PM Hasina heading for landslide in deadly Bangladesh election
Bangladesh Prime Minister Sheikh Hasina appears headed for a landslide victory in a general election marred by opposition claims of vote rigging, as at least 14 people were killed in clashes between rival supporters.
Early results showed Hasina racing into a clear lead, winning each of the first 29 seats declared – some by tens of thousands of votes – according to Channel 24, which is compiling results from around the country.
The deadly violence and bitter rivalry that marred the election campaign spilled over into voting day, even as authorities imposed tight security with 600,000 troops, police and other security forces deployed across the country.
Ten people were killed in clashes between Hasina's ruling Awami League party and supporters of the main opposition Bangladesh Nationalist Party, police said, while three men were shot by police who said they were protecting polling booths.
An auxiliary police member was also killed by armed opposition activists, according to officials.
Hasina, 71, has been lauded for boosting economic growth in the poor South Asian nation during her decade in power and for welcoming Rohingya refugees fleeing a military crackdown in neighbouring Myanmar.
But critics accuse her of authoritarianism and crippling the opposition – including arch-rival Khaleda Zia who is serving 17 years in prison on graft charges – to cling on to power.
The BNP-led opposition alliance Sunday accused Hasina's party of using stuffed ballot boxes and other illegal means to fix the result, which was to be announced Monday.
BNP spokesman Syed Moazzem Hossain Alal told reporters there were "irregularities" in 221 of the 300 seats contested. Its Islamist ally Jamaat-e-Islami said it would reject the results.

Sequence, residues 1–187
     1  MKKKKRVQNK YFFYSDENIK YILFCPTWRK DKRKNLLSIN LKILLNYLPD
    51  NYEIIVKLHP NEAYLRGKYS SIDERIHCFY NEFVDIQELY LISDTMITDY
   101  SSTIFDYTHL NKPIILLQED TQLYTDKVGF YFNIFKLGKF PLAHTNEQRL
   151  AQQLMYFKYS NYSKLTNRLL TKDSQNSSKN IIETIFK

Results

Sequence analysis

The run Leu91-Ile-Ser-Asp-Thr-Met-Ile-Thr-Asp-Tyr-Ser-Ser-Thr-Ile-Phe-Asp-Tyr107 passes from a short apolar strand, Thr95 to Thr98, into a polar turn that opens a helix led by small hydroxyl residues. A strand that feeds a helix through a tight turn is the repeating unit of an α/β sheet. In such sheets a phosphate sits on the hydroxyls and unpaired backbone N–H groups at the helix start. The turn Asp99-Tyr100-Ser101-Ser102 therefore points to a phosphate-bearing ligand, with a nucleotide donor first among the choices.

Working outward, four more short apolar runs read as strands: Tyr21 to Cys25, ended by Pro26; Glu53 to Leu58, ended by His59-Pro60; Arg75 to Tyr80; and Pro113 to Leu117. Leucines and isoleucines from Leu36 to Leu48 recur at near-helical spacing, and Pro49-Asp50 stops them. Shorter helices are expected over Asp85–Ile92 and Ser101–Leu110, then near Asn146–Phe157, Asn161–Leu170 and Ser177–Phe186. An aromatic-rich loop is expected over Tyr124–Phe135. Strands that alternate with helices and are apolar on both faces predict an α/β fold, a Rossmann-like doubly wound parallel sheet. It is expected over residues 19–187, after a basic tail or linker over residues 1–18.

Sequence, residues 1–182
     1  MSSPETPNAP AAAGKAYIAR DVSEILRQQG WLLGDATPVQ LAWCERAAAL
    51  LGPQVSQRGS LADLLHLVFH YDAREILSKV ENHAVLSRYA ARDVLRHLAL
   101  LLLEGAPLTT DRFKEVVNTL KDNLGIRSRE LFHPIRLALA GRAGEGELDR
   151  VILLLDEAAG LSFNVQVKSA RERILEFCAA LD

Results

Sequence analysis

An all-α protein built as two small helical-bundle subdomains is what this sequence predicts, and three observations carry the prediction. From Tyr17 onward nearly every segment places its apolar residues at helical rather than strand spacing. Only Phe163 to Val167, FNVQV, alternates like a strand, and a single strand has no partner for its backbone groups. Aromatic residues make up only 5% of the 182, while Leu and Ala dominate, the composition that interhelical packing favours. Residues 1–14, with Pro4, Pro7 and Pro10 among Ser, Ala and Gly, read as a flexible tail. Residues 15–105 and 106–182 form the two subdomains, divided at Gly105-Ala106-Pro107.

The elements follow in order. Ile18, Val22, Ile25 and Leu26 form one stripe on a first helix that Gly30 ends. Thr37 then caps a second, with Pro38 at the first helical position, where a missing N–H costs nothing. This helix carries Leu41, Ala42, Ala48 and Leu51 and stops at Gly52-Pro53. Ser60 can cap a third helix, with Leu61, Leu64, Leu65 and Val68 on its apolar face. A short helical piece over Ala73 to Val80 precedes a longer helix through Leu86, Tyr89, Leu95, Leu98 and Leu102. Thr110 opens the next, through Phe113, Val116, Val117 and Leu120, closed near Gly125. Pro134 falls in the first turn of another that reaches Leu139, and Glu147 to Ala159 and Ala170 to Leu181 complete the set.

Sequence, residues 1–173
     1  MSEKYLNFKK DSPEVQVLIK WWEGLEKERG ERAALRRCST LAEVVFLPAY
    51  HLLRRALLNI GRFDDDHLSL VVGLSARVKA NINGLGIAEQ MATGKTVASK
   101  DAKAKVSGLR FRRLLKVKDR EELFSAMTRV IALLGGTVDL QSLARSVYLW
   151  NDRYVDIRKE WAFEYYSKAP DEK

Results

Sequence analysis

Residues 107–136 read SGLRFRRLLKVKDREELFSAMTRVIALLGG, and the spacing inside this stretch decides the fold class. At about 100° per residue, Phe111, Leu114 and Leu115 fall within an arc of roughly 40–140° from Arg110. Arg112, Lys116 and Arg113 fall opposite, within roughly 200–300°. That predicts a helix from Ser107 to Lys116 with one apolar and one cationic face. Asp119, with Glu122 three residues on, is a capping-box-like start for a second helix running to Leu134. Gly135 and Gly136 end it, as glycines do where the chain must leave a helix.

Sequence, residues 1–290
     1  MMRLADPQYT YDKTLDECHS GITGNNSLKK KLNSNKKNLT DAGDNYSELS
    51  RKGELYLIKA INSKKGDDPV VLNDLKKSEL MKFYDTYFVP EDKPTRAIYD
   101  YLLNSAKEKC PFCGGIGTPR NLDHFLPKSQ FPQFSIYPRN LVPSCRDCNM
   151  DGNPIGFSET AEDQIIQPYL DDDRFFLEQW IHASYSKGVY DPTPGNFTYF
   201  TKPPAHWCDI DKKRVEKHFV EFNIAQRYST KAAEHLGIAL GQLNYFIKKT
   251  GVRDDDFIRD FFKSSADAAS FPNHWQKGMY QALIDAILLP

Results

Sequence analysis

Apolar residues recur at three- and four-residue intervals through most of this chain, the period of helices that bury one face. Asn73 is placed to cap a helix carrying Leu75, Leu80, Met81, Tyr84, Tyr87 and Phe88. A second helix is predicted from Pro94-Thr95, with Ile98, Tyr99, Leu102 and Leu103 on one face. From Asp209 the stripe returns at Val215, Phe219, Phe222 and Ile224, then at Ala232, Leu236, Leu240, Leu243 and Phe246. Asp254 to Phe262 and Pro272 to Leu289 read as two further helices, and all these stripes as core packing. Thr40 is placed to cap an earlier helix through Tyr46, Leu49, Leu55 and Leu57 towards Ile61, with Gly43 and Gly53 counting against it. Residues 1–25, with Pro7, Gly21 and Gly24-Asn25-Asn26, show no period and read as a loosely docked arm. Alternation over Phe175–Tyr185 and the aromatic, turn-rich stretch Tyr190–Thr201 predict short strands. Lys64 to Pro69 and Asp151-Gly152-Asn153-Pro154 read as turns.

"Voters are not allowed to enter booths. Especially women voters are being forced to vote for the boat," Alal said, referring to the Awami League symbol.
'We'll cast your vote'
Bangladesh election commission spokesman S.M. Asaduzzaman told AFP the body had "received a few allegations of irregularities" and was investigating.
Authorities ordered mobile operators to shut down high speed internet services until midnight Sunday "to prevent the spread of rumours" that could trigger unrest.
Voting in the capital Dhaka was largely peaceful as convoys of soldiers and paramilitary forces were on the streets where most traffic was banned.
However voters in provincial areas reported intimidation. Atiar Rahman said he was beaten by ruling party activists in the central district of Narayanganj.
"They told me not to bother, 'We'll cast your vote on your behalf'," he told AFP.
The opposition said the unrest was stirred up to deter voters, and presiding officers reported a low turnout across the country.
Sunday's deaths brought to 18 the official police toll for election violence since the ballot was announced on November 8.
Police said they acted "in self-defence" in the southern town of Bashkhali, when they fired on opposition supporters who stormed a polling booth, killing one.
In a separate incident a man was shot by police after he tried to steal a ballot box.